- Who they were
- What they wrote
- Read our blog
- Contact Us
The Woman's Literary Club of Baltimore (1890-1941) was a locus of literary inquiry and production for educated women in Baltimore during a period of rapidly shifting gender roles in American society.
The Club's extensive records for the years 1890-1920 provide a fascinating perspective on women’s knowledge and the professionalization of writing at the time. These records are held at the Maryland Historical Society in Baltimore and are being transcribed by students at Loyola University Maryland; they are made available here.
A selection of Club members' writings will be published in Parole Femine: The Words and Lives of the Woman's Literary Club of Baltimore, which will be published in 2019 by Loyola's Apprentice House Press.
Who were these women?
The membership map provides a geographical snapshot of the Club members' residences at different points during the Club's existence. Biographies of the Club's major authors are also available on the map. You may browse the Club membership list to see the names of all the Club members and when they belonged to the Club (currently, membership "snapshots" are available at 5-year increments for the years 1890-1914).
The Women's Literary Club of Baltimore provided its members with a platform to share their own written works with each other, which we’ve gathered in our Virtual Library. The over 500 published works we have discovered range from lyrical poetry, novels, magazine fiction, and plays, to weighty tomes of history, philosophy, and literary criticism.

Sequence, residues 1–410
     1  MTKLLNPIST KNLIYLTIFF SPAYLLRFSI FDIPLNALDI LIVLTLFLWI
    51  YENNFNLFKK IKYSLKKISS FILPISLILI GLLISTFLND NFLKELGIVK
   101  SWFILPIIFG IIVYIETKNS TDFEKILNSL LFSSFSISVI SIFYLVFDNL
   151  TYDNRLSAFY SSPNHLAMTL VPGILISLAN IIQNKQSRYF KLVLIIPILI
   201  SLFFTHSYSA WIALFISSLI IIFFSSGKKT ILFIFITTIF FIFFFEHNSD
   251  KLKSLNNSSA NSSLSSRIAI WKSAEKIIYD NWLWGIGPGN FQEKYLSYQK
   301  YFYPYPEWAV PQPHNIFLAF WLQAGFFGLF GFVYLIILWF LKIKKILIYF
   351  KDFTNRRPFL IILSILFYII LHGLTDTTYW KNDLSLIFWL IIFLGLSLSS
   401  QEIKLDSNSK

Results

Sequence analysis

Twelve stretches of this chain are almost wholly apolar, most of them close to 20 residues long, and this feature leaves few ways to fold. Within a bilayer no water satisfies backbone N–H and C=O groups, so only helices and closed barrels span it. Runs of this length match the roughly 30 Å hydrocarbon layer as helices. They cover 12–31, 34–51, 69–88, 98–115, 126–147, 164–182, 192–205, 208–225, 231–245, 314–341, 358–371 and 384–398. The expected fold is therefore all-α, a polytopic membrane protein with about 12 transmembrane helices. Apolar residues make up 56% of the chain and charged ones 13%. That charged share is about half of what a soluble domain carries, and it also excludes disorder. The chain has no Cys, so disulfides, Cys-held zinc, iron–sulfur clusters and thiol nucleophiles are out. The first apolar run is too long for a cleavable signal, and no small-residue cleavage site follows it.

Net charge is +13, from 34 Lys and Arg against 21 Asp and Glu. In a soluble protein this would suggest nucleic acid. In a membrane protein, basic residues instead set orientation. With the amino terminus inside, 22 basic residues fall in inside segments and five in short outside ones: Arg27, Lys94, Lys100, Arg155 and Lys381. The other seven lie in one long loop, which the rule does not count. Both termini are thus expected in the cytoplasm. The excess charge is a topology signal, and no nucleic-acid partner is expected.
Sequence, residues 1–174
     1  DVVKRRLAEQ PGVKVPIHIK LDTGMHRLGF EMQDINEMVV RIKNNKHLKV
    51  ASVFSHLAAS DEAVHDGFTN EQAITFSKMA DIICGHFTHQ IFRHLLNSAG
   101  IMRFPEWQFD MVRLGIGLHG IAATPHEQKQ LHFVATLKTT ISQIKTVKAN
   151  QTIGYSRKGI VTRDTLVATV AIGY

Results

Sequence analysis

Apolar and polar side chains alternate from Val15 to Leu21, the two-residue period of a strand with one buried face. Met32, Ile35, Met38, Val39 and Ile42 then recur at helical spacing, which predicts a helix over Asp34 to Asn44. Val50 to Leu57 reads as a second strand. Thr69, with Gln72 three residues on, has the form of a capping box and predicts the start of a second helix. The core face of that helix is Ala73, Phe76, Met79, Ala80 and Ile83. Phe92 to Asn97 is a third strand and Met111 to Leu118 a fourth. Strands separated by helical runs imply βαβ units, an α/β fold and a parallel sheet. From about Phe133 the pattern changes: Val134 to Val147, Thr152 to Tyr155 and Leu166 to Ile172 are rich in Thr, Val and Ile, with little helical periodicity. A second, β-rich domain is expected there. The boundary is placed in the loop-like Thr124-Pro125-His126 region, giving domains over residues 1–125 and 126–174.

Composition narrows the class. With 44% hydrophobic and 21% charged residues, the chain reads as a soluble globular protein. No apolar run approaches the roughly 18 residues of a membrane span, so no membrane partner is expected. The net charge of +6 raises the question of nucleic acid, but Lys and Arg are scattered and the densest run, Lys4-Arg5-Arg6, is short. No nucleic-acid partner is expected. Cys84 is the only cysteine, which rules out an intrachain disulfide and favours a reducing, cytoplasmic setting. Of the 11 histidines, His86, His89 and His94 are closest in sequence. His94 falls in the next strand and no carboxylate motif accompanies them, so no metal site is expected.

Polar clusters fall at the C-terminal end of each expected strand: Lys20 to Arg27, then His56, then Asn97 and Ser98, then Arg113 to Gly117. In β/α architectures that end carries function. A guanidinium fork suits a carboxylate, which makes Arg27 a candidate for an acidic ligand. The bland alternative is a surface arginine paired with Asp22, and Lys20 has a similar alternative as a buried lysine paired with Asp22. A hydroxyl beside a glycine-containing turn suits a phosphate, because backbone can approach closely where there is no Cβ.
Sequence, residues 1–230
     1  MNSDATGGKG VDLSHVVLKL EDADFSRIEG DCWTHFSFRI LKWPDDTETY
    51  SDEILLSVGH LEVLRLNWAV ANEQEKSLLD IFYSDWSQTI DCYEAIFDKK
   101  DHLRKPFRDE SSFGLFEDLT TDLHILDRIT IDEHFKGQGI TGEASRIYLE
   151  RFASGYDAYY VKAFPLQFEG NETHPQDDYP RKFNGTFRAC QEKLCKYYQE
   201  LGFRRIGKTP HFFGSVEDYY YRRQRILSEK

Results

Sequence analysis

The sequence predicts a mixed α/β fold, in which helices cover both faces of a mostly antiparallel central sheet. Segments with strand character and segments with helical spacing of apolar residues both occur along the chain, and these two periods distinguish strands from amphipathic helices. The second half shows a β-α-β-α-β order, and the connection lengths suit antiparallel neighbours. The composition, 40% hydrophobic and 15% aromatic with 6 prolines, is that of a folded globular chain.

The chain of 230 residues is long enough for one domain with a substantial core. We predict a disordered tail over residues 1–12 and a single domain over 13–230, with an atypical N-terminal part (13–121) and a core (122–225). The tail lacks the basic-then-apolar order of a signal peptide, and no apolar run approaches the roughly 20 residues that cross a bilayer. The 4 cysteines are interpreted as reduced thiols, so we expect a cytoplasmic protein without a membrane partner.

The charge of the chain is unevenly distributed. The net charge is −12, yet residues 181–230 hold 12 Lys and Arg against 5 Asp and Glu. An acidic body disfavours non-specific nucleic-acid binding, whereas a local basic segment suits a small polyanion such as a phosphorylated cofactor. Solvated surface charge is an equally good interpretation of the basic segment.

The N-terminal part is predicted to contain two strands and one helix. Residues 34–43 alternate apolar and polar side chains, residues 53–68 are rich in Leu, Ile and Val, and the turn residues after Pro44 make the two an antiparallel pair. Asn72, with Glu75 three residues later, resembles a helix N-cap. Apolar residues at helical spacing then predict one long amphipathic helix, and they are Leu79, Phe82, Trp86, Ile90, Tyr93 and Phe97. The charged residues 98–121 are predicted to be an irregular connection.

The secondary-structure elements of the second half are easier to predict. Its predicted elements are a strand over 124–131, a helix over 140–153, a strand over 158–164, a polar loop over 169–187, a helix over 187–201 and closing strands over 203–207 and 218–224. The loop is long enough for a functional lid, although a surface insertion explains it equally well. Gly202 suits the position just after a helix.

Virginia Woodward Cloud
Louise Clarkson Whitelock
Francese Litchfield Turnbull
Discussions of Club activities are recorded in the Meeting Minutes, which have been transcribed and are searchable on this website. The site also includes complete information of Club meeting programs, listed by title, author, and presenter, showing the range and depth of their intellectual activities as well as their individual interests. You can also find out about the Club's organization by reading the Club constitution and Club history.
How did we do this project?
Follow and share!
Read about our process and discoveries on our blog! And share your ideas with us. We would especially love to hear about any stories or connections you may have with these historic Baltimore residents.
This project was made possible through the generous support of the Center for the Humanities at Loyola University Maryland and the Loyola-Notre Dame Library.